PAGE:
The Supreme Court recognized that domestic abuse comes in many forms. It is not always the physical abuse or battering that we think about when the topic is discussed. Domestic Abuse Intervention Programs, located in Duluth, Minnesota and on which board I serve, developed the power and control wheels for different types of abuse. You can see the wheels on the website. This particular power and control wheel shows the different manifestations of domestic abuse. Control and the need for power over someone can come in the form of physical abuse but also verbal abuse, emotional abuse, financial abuse, using the children, denying and blaming, using male privilege, threats and isolation. Any of these behaviors can lead to an escalation of domestic disputes and discord. When a gun is available in an escalating domestic dispute and/or abuse, the potential for life threatening violence exists. The Supreme Court decision supports what we know about domestic violence.

The Violence Policy Center has a wonderful report about the role guns play in domestic abuse and domestic discord. It's a long report but offers much valuable information that doesn't get talked about by those who resist keeping guns away from domestic abusers. Let's start with this:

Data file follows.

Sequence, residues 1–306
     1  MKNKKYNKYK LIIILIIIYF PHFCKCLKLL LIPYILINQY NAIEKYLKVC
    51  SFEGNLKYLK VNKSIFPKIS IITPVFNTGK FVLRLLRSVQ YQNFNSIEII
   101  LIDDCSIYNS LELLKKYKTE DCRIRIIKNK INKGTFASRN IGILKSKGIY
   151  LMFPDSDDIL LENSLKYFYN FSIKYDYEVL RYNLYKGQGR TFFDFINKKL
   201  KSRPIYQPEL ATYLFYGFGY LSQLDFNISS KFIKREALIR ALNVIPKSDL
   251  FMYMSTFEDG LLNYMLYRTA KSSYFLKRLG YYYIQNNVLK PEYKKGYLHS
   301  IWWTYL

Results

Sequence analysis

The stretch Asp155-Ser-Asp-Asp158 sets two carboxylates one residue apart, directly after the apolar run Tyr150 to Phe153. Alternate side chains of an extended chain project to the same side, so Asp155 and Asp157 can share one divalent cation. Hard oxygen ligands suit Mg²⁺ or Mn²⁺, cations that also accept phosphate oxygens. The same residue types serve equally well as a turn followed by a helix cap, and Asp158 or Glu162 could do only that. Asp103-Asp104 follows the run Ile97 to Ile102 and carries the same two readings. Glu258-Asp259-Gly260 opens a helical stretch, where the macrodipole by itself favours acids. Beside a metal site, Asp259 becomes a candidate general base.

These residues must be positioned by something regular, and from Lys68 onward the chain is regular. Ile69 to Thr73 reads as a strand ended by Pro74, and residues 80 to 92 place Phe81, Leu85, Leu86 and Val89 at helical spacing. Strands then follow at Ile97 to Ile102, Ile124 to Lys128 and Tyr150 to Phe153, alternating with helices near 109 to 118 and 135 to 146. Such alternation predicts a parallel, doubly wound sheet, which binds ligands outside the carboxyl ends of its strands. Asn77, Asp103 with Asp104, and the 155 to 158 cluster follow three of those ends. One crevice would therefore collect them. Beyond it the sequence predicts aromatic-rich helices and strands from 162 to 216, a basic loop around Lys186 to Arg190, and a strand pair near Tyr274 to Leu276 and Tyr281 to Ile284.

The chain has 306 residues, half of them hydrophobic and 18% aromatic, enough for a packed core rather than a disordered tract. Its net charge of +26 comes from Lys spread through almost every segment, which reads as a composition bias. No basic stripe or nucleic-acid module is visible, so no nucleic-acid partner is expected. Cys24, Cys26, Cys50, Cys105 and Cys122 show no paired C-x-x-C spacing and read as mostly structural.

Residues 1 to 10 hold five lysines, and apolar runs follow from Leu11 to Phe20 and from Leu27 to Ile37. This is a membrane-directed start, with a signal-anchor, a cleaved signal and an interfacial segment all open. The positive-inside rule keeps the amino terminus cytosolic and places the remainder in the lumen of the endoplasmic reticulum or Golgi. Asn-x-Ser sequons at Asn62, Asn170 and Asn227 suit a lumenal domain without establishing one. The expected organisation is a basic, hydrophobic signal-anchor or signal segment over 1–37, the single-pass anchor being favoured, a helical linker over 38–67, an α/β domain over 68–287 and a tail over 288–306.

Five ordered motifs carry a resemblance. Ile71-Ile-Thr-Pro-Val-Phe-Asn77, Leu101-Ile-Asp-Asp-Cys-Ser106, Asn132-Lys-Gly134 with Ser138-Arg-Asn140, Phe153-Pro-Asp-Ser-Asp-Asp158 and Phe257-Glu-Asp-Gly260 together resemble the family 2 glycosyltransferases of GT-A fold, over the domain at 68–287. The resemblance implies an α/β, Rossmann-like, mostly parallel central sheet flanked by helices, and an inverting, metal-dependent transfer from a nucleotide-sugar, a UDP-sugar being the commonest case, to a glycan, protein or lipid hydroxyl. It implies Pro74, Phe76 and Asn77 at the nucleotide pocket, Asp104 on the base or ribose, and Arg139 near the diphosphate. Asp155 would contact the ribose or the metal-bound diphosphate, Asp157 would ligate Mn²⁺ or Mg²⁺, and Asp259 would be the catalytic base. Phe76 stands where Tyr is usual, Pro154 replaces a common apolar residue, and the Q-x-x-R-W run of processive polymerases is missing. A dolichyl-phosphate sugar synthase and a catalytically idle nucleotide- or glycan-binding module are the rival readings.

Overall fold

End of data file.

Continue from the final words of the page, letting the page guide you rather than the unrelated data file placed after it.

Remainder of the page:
In 2011, there were 1,707 females murdered by males in single victim/single offender incidents that were submitted to the FBI for its Supplementary Homicide Report.10 These key findings from the report, expanded upon in the following sections, dispel many of the myths regarding the nature of lethal violence against females.
# For homicides in which the victim to offender relationship could be identified, 94 percent of female victims (1,509 out of 1,601) were murdered by a male they knew.
# Sixteen times as many females were murdered by a male they knew (1,509 victims) than were killed by male strangers (92 victims).
# For victims who knew their offenders, 61 percent (926) of female homicide victims were wives or intimate acquaintances of their killers.11
# There were 264 women shot and killed by either their husband or intimate acquaintance during the course of an argument.